Buyers should review the home through a progressive set of lenses as we conduct a home inspection.
— Michael Munn, Certified Home Inspector

Root Realty and Biltrite Home Inspections partnered up to delve into the ins and outs of home inspections. Home buyers often have lots of questions in regards to inspections, therefore, we went straight to the best resource in order to help our buyers be the most educated and knowledgable throughout the home buying process. Read below for insight on general homes, as well as historic homes!

1) What areas of the home are the most important to pay attention to in an inspection? 

First and foremost to consider is overall structure, life safety issues and major system items (electrical, plumbing, A/C, roof). These are most vital when approaching the idea of an investment mainly because these items potentially carry a higher cost of repair. Beyond that, it is also important to evaluate how well ongoing maintenance has been executed by previous owners; inside and out. 

2) As a buyer, what should the priorities be?  Buyers should first go with what they love. This would be a calculation based on look, location, aesthetic, school zones, architecture, etc. An evaluated combination of purchase price and ongoing cost of use including utilities and required maintenance based on current finishes/installed materials should be in mind when making a purchase decision.

3) What does "code" mean and does a home have to be up to code? The building, "code," is the state regulated guidelines and practices. We typically inspect homes in light of the code that was in place at the time of its construction. There have been significant updates in the Florida Building Code dating back to 1992, again in 2002, 2010 and most recently in 2014. Each code update has increased the overall quality of structure, storm/wind resistance and energy efficiency compared to previous versions.

4) What are some "buzz words" that buyers should not be concerned by? Radon and sinkholes are two major terms that should not be a concern. These are more apparent issues in Central Florida than they are for Northeast Florida and of course snow/basement water intrusion concerns definitely do not apply. 

5) What are some "buzz words" that buyers should be concerned by? Chinese drywall, lead paint, asbestos, mold, poor indoor air quality and termites are all terms that buzz around during the inspection process. The most important thing is to work with an inspector that has an appropriate license/background in all of these areas, will be able to answer questions on any of these topics and able to test/verify as needed in correlation to the home.

Read further for information on inspections regarding Historic Homes...

6) If a home has had termite issues, should buyers walk away? If you are a buyer who is already looking in a historic district, some degree of termite presence should be anticipated. An experienced WDO inspector will be able to identify the extent and boundaries of damage and also determine if it is active or dormant. In either case, replacement of any damaged structural members should be completed by a licensed contractor. Extreme cases, fumigation is a next level option. Once any structural members have been repaired, a termite bond should be procured to protect from future infestations. 

7) What should a buyer look for in a historic home, specifically? Red flags to look for in historic properties that cannot be fixed or updated include extra low ceilings and homes with wavy floors that indicate excessive settlement. Buyers should also be watchful for knob and tube wiring and galvanized piping when looking at historic properties as these elements will cause the home to be uninsurable.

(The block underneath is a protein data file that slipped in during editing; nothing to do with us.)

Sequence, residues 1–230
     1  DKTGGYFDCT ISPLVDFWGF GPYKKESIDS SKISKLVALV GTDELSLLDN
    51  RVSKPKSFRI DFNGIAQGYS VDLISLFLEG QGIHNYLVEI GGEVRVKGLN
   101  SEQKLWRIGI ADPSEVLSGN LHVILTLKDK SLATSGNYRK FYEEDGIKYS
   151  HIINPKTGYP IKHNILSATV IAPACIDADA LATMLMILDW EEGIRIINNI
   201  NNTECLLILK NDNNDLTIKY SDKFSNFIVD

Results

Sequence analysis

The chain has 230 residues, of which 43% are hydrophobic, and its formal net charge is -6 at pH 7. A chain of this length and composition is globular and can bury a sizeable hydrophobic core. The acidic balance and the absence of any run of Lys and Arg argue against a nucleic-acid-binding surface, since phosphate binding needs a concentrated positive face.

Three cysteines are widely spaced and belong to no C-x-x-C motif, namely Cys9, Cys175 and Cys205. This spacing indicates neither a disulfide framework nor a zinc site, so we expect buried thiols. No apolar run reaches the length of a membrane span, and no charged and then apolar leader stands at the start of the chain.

8) Is it true that old homes were built "better?" Yes and no-materials that were available in generations past (old growth heart pine lumber, cement backed tile surrounds and other period relative materials) are often more durable and long lasting compared to present day practices. High levels of craftsmanship and unique architectural features abound in older homes that can only be duplicated in today's market at a premium cost. However, there have been multiple code updates over the past 20 years based on things we have learned in the aftermath of hurricanes and through ongoing energy efficiency research which make new construction of today superior from the stand point of overall energy efficiency and wind damage resistance.  

9) In a historic district, can a buyer expect to find a lot more issues than any other part of town? To put it plainly, yes. Simply by virtue of having been in existence for a longer period of time, there are more opportunities for defects or incompatibilities between old and new materials/systems when different components have been updated throughout the years. Like buying an older car that may have had newer parts added to it, they all have to be able to work together for it to move down the road properly and safely- a home being no different. 

10) How old is too old? There are homes built in the twenties that stand straight and true today as well as homes built ten years ago that are falling apart. In a general sense, newer homes are going to be more energy efficient and require less ongoing maintenance and will have a lower cost of use, typically. The quality of ownership to older homes determines the quality of life left remaining in the home itself. I go back to the car reference, if it is taken care of well; it will run smoothly.

Biltrite, LLC is a family owned and operated Inspection company here in the heart of Jacksonville. For more information or to schedule an inspection, please visit their website at